Fried pastries are a delicate matter, both literally and figuratively. people are particular, even passionate, about things like flake, crumb, and chew, and granulated versus powdered sugars. Families, cities, entire nations insist upon their unique patisserie, the best one, the only one, the right way. There’s no sense arguing; just keep chewing. I present to you the humble bombolouni of Sidi Bou Said, in Tunisia: Ragged edges, thick crunch, airy interior, served piping hot between pastry papers, tTo be eaten with gusto, and gratitude. [3esheq, Zied!] . . PS: If you like what you see here on Outernotes, please subscribe to receive posts to your inbox! Click “Follow these notes,” top right of the page! Advertisements
You’ve either got it, or you don’t. This guy’s got it. [Sidi Bou Said boutique, Tunisia. photo credit to Zied] . . . PS: If you like what you see here on Outernotes, please subscribe to receive posts to your inbox! Subscribe easily at the prompt on the right side bar of this page. If you’re a WordPresser, click “Follow these notes,” right side bar!
In Sidi Bou Said, outside Tunis, a restaurant that must resemble heaven, considering the grumpy service and tourist prices views. Next to a gaggle of children blowing bubbles and making faces, I enjoyed a strong, capable, robust mint tea topped with earthy pine nuts and a few aromatic leaves. And a hearty brik, hero of Tunisian street food: whisper-thin pastry dough stuffed with loose, runny egg and fried to perfection. sometimes also stuffed with tuna, or cheese, or potato, and often served with a wedge of lemon to squeeze over and balance the richness of the brik. May you enjoy your snacks – and your weekend! – with smiles, and fried perfection. . . . PS: If you like what you see here on Outernotes, please subscribe to receive posts to your inbox! Click “Follow these notes,” bottom of the page!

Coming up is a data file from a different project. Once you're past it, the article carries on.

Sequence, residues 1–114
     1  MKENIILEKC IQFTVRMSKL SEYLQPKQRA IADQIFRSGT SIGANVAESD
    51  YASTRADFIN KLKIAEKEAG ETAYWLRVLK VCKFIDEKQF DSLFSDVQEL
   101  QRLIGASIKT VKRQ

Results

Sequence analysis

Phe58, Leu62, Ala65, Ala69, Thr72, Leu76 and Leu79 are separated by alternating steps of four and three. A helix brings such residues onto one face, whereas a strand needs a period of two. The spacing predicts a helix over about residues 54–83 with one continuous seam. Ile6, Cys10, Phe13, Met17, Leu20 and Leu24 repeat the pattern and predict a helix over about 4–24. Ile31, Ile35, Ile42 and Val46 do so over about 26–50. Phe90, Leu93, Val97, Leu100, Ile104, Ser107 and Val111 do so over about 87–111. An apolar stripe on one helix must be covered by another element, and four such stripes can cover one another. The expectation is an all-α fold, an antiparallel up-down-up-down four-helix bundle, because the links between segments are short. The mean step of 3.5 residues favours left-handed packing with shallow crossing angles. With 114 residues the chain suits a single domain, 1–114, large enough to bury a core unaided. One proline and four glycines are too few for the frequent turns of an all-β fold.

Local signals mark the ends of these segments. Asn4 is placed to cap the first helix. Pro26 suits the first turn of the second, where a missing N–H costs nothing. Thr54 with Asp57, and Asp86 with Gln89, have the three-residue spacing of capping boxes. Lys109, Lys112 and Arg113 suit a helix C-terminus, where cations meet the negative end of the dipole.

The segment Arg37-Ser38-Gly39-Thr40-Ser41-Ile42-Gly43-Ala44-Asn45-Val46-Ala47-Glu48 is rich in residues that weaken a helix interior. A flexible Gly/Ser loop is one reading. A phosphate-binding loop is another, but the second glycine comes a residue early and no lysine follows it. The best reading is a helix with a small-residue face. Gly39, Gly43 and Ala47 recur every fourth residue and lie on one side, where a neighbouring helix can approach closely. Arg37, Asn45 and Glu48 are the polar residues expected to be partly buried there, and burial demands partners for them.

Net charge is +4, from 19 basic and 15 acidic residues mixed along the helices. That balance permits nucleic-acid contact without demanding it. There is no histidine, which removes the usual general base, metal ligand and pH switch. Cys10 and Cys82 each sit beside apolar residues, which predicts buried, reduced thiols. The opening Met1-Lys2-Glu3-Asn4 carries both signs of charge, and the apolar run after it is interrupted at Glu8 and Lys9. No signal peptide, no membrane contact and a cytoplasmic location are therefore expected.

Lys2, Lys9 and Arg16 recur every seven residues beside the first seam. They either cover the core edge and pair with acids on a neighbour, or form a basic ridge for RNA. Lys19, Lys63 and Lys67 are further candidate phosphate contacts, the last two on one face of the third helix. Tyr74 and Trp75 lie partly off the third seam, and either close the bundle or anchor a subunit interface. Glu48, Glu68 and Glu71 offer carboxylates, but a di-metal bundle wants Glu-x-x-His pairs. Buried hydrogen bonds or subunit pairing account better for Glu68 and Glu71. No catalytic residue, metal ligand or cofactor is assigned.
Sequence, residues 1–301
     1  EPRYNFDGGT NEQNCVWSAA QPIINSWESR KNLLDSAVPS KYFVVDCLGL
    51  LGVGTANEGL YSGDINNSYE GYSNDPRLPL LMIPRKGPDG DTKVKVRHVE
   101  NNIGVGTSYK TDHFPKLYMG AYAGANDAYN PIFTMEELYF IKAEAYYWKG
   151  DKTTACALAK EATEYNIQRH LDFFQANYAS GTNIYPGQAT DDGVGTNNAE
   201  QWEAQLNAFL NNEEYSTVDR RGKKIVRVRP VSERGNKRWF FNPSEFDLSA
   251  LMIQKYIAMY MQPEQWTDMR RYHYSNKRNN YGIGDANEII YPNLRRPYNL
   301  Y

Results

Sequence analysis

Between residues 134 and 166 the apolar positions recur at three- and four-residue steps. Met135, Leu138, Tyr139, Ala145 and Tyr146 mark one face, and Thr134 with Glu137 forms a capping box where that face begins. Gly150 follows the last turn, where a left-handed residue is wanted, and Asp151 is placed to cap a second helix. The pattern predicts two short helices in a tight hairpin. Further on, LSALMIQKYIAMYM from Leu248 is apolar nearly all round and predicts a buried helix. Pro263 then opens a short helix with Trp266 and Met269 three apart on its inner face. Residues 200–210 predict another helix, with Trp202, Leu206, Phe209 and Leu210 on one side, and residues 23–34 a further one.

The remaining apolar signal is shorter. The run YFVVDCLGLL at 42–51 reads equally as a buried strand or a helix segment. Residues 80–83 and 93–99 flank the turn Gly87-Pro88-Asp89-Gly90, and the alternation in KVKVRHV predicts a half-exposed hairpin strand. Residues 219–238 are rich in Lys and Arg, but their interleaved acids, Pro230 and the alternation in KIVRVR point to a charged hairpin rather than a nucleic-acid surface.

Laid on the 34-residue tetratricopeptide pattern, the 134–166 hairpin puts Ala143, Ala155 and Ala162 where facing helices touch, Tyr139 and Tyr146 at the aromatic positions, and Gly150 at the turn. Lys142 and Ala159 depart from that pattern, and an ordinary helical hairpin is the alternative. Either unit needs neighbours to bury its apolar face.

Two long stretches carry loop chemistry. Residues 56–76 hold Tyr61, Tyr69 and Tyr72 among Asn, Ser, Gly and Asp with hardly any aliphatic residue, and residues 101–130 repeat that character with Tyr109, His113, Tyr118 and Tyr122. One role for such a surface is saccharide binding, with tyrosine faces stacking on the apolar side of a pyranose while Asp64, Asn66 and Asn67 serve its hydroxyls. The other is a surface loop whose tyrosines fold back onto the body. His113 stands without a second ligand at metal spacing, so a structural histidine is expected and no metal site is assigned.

An advantage of visiting a place more than once is that you’re no longer hostage to its sensations, or to its beauty. The second, third, tenth times around you might avoid being bowled over by the aromas and flavors, tingly with the aura of the landscape; you’re likely have your wits about you, and that means you can make reasonable decisions about where to go, how to eat, and what to leave with. I found myself in this delightful situation in Tunis. I’d been just enough times to know exactly what I wanted to eat, where I wanted to visit, and I had designs to package loads of good stuff to take home with me.
I’d waited seven years to taste the real deal again, during which time I made many attempts to replicate, imitate, reconstruct. Sometimes I came up longer than short, but it was never quite right. Lablebi, oh miracle dish of Tunisia, comforting stew of myriad spices. Cheap, quick, filling, and perfect for a cold and blustery winter day in the capital city of Tunis. Guided in my culinary endeavors by good friend (and veteran edibles guide) Zied, we aimed to be Champions of Lablebi, consuming full portions of this hearty, filling stew. We started with the requisite bowls of bread, tearing the chunks into smaller pieces, or crumbs, depending on personal preference (the smaller the pieces, the thicker the resulting stew, or so say the Experts). Bowls properly filled with bread crumbs, we handed them over to the Professionals Behind the Counter, who ladled steaming chickpea stew into each. They topped each bowl with mounds of spices: cumin, harissa, and others that should probably remain the secrets of Those Who Know. And then a few adroit tosses; just enough, not too much. And …
Sure, this is about the sweets: the chewy, the crispy, the honey-soaked, the ones you buy from your guy, the one to whom you trust your most saccharine indulgences. But this is also an ode to them: The Sweetsmen.